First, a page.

Sermon for the Fifteenth Sunday after Trinity
(From the Gospel for the day)

This sermon forbiddeth all carefulness, and telleth in what righteousness consisteth, and rebukes sundry religious people and their works, likening their ways to simony.

Matt. vi.33. -- "Seek ye first the Kingdom of God and his righteousness, and all these things shall be added unto you."

IN this passage, the Son of God gives us a similitude, bidding man, who is a reasonable creature, to look at the flowers that deck the face of the earth, and at the unreasoning fowls of the air, saying: "Consider the lilies of the field, how they grow; they toil not, they spin not; and yet I say unto you that Solomon, in all his glory, was not arrayed like one of these!" "Behold the fowls of the air, for they sow not, neither do they reap, nor gather into barns; yet your Heavenly Father feedeth them. Are ye not much better than they?" "Therefore I say unto you, take no thought, saying, What shall we eat, or what shall we drink, or wherewithal shall we be clothed? For after all these things do the Gentiles seek: for your Heavenly Father knoweth that ye have need of all these things. But seek ye first the kingdom of God, and His righteousness; and all these things shall be added unto you."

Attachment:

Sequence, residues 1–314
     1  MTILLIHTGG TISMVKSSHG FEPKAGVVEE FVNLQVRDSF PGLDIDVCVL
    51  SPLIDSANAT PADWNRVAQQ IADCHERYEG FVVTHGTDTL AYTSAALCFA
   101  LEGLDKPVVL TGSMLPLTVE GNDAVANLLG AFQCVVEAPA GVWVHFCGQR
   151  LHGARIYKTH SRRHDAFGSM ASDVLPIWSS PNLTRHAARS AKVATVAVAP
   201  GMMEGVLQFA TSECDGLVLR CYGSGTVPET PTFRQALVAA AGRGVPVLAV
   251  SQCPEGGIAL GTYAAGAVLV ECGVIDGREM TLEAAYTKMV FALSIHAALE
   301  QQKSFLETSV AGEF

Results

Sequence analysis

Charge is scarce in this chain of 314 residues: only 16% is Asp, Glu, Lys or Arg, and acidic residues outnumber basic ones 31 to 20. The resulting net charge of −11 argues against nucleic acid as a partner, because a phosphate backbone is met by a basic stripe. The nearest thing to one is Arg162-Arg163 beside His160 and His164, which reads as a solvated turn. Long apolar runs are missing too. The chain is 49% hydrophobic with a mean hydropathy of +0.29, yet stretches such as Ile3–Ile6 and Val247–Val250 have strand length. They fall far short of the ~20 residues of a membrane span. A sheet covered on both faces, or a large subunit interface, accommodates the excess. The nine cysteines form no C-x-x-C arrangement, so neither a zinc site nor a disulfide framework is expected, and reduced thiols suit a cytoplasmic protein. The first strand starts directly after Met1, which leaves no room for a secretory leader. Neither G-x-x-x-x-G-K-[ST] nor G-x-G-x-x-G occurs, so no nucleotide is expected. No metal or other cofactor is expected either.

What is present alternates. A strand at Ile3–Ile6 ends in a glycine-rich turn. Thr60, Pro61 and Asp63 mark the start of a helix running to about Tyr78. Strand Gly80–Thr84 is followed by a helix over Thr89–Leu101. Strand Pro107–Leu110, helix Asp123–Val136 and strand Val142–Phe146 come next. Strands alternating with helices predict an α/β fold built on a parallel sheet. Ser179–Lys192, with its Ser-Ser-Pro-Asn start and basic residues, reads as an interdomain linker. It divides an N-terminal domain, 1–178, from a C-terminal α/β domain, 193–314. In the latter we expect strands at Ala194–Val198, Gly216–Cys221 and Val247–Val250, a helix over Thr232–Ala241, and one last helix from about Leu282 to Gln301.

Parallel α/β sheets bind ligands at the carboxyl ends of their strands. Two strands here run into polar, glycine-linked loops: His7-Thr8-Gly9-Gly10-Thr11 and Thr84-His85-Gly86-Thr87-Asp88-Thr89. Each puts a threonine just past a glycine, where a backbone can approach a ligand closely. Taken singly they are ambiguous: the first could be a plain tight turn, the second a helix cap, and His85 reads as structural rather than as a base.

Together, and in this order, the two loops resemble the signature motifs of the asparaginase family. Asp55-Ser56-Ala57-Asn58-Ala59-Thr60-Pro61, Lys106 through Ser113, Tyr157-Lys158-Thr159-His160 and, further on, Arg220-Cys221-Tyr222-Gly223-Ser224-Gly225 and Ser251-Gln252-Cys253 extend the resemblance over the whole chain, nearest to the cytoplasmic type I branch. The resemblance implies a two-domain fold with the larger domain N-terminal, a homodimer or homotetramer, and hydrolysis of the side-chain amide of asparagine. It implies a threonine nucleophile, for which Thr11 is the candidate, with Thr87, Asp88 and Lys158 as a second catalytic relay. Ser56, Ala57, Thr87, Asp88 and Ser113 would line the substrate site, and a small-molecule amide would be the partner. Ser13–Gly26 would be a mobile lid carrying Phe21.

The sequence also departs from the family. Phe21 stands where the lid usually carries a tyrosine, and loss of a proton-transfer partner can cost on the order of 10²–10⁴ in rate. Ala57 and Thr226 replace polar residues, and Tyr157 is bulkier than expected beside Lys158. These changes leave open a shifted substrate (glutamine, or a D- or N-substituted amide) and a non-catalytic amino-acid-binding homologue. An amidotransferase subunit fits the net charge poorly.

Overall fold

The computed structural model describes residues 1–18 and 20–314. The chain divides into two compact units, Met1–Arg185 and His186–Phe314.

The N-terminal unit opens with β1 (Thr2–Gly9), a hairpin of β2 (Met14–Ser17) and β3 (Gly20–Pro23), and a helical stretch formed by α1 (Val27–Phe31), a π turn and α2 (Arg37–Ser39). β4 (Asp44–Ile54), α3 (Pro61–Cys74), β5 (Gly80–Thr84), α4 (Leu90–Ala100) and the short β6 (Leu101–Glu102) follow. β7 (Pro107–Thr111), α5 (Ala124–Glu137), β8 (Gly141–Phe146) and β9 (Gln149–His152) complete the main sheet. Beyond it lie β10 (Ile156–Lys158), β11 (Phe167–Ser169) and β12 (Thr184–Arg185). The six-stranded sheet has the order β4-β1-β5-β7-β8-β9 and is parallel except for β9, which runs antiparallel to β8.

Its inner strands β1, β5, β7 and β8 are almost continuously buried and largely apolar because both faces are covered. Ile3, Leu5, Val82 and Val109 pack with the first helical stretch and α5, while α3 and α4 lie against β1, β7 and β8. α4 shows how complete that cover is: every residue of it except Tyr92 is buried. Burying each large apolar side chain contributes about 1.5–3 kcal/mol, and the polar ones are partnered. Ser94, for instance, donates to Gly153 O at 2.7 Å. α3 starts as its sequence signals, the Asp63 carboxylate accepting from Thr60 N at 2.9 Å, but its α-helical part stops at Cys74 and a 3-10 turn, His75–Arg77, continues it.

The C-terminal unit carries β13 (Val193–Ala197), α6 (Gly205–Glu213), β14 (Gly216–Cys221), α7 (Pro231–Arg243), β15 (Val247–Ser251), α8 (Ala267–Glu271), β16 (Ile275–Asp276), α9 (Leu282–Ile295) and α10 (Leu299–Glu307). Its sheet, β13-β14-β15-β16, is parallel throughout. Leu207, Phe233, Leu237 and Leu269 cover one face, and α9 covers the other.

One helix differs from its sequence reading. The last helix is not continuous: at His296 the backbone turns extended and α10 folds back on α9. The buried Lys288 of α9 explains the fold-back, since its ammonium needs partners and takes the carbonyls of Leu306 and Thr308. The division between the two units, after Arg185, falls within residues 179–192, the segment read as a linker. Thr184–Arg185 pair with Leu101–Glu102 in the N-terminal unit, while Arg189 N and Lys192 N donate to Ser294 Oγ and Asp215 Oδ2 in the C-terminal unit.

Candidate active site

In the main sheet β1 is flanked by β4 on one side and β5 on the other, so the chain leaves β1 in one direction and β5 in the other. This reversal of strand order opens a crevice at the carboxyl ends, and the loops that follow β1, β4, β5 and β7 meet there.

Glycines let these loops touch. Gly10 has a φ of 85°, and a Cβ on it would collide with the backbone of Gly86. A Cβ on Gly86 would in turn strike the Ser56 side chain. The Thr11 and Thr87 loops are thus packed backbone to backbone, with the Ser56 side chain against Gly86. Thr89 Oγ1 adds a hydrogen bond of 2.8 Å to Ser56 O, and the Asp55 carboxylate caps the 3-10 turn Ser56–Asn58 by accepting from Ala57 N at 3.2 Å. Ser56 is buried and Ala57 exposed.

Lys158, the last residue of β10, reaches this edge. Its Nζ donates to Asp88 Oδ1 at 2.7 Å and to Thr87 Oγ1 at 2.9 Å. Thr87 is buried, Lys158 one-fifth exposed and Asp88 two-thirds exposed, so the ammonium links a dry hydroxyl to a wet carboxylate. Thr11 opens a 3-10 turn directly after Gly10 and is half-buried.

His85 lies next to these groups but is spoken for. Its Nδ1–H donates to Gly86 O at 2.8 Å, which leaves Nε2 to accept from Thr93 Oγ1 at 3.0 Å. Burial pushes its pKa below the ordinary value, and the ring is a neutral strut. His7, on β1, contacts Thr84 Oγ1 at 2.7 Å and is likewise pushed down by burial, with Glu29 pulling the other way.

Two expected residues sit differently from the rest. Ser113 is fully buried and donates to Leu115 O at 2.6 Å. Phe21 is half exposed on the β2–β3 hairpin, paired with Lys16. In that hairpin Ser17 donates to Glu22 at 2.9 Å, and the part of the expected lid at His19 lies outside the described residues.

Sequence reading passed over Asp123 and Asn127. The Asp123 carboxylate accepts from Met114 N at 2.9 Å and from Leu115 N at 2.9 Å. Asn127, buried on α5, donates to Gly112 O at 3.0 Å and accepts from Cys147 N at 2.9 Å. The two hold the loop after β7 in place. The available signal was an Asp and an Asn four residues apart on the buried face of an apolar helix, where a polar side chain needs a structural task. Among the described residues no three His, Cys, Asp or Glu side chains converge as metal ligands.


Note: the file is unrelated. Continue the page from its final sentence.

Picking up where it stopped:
Children, once before, the Son of God had said that no man could serve two masters, that is to say, God and Mammon, or the riches of this world; for he must love the one, and hate the other. It is indeed a wonder passing our understanding how much is comprehended in these words. We ought to set them up before our eyes as a mirror, and let them be our constant motto. How clearly does Christ here instruct us in the truth with plain unvarnished words and pertinent figures, when, forbidding us to be anxious about earthly and perishable things, he says: "Which of you by taking thought can add one cubit unto his stature? Therefore, ye of little faith, seek not what ye shall eat, or what ye shall drink; neither be ye of doubtful mind." Children, ye see well by this discourse how far we all are in common from living according to the simple truth of things, in all our earthly relationships. But know that there is an inward secret defect lurking under the cloak of our anxiety about daily things, a sinful, though unconscious covetousness, which is one of the seven deadly sins. And this sin, working silently and unperceived in the hearts both of worldly and religious people, is the cause of the greatest evils that afflict this earth. Let each, for instance, only mark narrowly, in himself and others, the marvels of labour and ingenuity invented and wrought on all sides, each striving to outdo his fellow for the sake of earthly gain. If we were to probe to the bottom the workings of this false principle in worldly and in religious people, it could hardly be told how deeply its roots have struck, and how widely they have spread below the surface. Think what it implies to have so little confidence in that God who is able to do all things, when ye are striving, and toiling, and wearing yourselves out with anxiety, as if you meant to live for ever. All this comes from that evil principle of covetousness. If one really looked into the matter, it were frightful to see how man seeks his own ends and not his neighbour's good, in all things Divine and human; his own pleasure, or profit, or glory, by all his words and works -- nay, even gifts and services. Children, this great sin is so deeply rooted in many, that every corner of their heart is full of earthly, perishable things, and they are just like the crooked woman we read of in the Gospel, who was bent down to the earth by her infirmity, and could in no wise lift herself up, or raise her eyes above the ground.